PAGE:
Currently pending before the bicameral committee of both houses of Congress is a draft of a new law, the Magna Carta of Filipino Seafarers.
That draft has an insertion which is patently unconstitutional.
Under the Labor Code, a seafarer who gets disabled or incapacitated while deployed at sea is entitled to compensation under his standard employment contract as approved by the Philippine Overseas Employment Administration.
If the shipping company commits a breach of the standard employment contract, the Filipino seafarer can file the corresponding case against the shipping company before the National Labor Relations Commission (NLRC), a quasi-judicial agency which resolves, among others, seafarer’s cases.
The Labor Code requires that complaints from seafarers should first be resolved by the labor arbiter.
Thereafter, the losing party may appeal to the NLRC. The appeal is raffled off to the corresponding division of the Commission.
If the shipping company loses its case at the level of the labor arbiter and it appeals the ruling to the Commission, the shipping company is required to post a cash or surety bond equivalent to the total amount of money awarded by the labor arbiter to the seafarer, exclusive of damages and attorney’s fees.
In some exceptionally meritorious cases, however, the Commission is authorized by law to reduce the amount of the appeal bond.
If the shipping company fails to post the required appeal bond, its appeal will be dismissed, and the decision of the labor arbiter becomes final and unappealable, and is ripe for execution, which means enforcement of the judgment.
In the event that the shipping company posts the requisite appeal bond, its appeal will be given due course and will be resolved on its merits.
If the shipping company loses its appeal, and fails to get a reconsideration of the decision by the Commission, the said decision becomes final and executory.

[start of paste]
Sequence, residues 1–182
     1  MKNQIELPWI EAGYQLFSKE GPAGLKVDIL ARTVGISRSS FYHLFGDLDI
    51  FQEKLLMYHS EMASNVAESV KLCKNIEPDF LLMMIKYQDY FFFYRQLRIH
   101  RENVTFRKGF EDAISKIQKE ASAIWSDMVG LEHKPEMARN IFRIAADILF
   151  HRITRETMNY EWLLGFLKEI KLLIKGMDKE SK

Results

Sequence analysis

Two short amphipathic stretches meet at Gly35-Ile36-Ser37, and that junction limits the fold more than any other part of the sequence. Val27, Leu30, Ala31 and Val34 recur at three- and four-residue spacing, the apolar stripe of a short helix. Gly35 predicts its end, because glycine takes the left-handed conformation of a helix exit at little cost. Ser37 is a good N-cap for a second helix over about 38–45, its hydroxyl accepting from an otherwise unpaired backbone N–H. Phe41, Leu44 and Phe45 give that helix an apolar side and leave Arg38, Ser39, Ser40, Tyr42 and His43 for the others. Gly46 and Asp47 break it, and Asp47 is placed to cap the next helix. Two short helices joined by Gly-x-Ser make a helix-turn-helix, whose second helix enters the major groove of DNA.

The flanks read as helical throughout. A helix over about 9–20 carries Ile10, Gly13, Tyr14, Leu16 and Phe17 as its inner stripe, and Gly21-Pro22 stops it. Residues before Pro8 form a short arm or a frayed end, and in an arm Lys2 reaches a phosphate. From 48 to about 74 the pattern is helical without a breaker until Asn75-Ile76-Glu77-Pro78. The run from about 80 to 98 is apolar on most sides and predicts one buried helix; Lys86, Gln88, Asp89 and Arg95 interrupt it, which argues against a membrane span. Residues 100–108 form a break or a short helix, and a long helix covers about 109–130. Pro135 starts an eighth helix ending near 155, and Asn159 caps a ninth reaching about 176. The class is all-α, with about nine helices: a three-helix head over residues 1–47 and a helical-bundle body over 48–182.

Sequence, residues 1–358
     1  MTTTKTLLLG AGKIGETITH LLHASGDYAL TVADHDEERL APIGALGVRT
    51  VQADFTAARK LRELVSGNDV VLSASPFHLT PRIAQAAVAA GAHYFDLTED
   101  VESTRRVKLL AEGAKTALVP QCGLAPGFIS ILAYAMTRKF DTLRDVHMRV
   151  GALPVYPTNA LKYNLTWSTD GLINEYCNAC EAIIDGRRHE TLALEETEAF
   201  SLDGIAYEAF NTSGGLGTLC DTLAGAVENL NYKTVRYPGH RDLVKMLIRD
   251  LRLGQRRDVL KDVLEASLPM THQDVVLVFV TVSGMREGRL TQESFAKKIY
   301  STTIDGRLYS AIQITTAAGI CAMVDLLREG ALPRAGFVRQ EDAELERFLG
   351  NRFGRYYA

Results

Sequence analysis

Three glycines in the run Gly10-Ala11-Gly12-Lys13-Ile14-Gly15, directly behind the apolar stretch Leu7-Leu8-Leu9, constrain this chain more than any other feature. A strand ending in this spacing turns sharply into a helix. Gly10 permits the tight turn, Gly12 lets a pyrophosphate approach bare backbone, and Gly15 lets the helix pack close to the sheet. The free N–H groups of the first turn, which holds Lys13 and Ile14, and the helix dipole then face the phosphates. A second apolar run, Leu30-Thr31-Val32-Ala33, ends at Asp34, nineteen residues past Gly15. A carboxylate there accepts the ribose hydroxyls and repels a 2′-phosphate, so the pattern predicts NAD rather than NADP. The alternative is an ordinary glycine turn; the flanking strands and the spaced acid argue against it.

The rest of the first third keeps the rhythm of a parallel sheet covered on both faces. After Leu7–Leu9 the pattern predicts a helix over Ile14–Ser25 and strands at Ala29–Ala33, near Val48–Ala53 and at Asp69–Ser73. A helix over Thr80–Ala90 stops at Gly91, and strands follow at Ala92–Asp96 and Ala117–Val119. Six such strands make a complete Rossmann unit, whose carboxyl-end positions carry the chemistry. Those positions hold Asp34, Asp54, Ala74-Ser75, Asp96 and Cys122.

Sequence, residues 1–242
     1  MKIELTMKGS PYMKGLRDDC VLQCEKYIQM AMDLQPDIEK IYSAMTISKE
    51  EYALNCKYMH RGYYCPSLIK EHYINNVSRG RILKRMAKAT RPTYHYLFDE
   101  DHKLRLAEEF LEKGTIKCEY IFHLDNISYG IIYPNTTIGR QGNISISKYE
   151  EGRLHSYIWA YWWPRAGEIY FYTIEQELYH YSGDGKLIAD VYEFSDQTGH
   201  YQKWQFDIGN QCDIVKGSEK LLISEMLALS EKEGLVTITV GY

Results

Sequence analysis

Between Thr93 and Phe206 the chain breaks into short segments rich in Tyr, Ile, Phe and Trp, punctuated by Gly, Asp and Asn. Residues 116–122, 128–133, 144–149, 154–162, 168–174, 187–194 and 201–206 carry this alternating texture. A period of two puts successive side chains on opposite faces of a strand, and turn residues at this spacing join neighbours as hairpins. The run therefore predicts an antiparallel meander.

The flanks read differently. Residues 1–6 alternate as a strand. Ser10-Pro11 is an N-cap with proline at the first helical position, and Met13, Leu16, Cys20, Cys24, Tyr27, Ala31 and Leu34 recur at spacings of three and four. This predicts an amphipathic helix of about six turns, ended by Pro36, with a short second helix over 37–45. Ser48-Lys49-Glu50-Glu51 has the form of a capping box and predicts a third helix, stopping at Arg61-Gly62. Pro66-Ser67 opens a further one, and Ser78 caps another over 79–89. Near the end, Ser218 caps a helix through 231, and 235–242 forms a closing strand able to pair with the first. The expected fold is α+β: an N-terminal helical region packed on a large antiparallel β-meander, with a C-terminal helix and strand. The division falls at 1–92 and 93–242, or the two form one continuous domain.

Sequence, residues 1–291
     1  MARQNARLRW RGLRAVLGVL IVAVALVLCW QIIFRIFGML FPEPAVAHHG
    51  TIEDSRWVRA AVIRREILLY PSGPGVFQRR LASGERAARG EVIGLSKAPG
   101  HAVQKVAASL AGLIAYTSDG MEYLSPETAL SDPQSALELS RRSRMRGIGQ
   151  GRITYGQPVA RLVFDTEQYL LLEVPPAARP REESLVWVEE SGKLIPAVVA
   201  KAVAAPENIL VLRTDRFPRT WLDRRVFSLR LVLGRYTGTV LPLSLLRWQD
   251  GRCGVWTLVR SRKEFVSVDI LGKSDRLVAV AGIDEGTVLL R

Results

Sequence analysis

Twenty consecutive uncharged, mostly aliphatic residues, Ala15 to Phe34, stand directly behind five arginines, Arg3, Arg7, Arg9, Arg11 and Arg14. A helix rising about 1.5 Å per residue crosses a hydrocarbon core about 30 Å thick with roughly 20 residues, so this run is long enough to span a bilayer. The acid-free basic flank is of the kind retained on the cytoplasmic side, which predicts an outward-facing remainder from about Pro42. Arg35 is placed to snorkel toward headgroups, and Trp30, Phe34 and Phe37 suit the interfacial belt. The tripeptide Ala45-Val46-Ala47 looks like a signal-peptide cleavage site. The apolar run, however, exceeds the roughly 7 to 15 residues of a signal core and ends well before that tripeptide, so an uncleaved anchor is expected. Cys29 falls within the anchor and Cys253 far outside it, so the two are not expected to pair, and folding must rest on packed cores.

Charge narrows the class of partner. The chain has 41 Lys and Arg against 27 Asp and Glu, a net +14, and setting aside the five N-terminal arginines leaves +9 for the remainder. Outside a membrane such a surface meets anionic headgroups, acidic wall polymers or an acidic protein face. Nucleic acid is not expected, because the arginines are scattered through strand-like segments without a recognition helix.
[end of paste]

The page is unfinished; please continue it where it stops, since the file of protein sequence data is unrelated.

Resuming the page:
The decision is immediately executory, and the proceeds of the appeal bond posted by the shipping company is given to the seafarer to satisfy the judgment in his favor.
While the shipping company may elevate the case to the Court of Appeals on a petition for certiorari, filing the petition alone is not enough to stop the execution of the decision of the NLRC.
Unless the shipping company convinces the appellate court to issue a temporary restraining order to stop the execution, the execution shall proceed accordingly.
The Supreme Court explained the rationale for this procedure is to ensure the seafarer of the proceeds of a judgment in his favor without needless delay, pursuant to constitutional mandate that the State shall afford protection to labor.
Shipping companies, however, complain the current procedure is inequitable for them.
The shipping companies point out that in the event that they win in the Court of Appeals or in the Supreme Court, they will no longer able to recover the money the seafarer obtained from them by reason of the decision of the NLRC.
They lament that almost always, the seafarer shall have already spent the money, or shall have absconded or passed away, or is already insolvent.
That is why an organization of shipping companies had been campaigning for a provision in the draft Magna Carta of Filipino Seafarers.
Their proposal is in the event the shipping company loses its appeal in the NLRC, the proceeds of the appeal bond shall not be paid immediately to the seafarer, but shall instead be deposited to an escrow account with a reputable bank, and shall stay there until the case is resolved with finality either by the Court of Appeals or the Supreme Court.
Under the draft law, the seafarer may get the amount in escrow only if he posts a bond for it.
As stated earlier, that provision on escrow is now in the draft law pending before the bicam committee of Congress.
That escrow provision is unconstitutional because it is class legislation, i.e., it applies only against seafarers.
It does not apply to migrant workers who are not seafarers.
In other words, land-based overseas Filipino workers will be entitled to immediately get the proceeds of the appeal bond once they win the case at the level of the NLRC, while winning seafarers must wait until the courts of law resolve the case with finality.
The counter-escrow bond the seafarer must post to get what has been awarded to him by the NLRC, requires money, and more often than not, the seafarer is already destitute because of his disability.
In short, the bond for lifting the escrow is a solvency requirement imposed by law on one who is insolvent by reason of his being a disabled seafarer.
Obviously, the escrow provision violates the equal protection clause of the Constitution, and the constitutional mandate that the State shall afford protection to labor.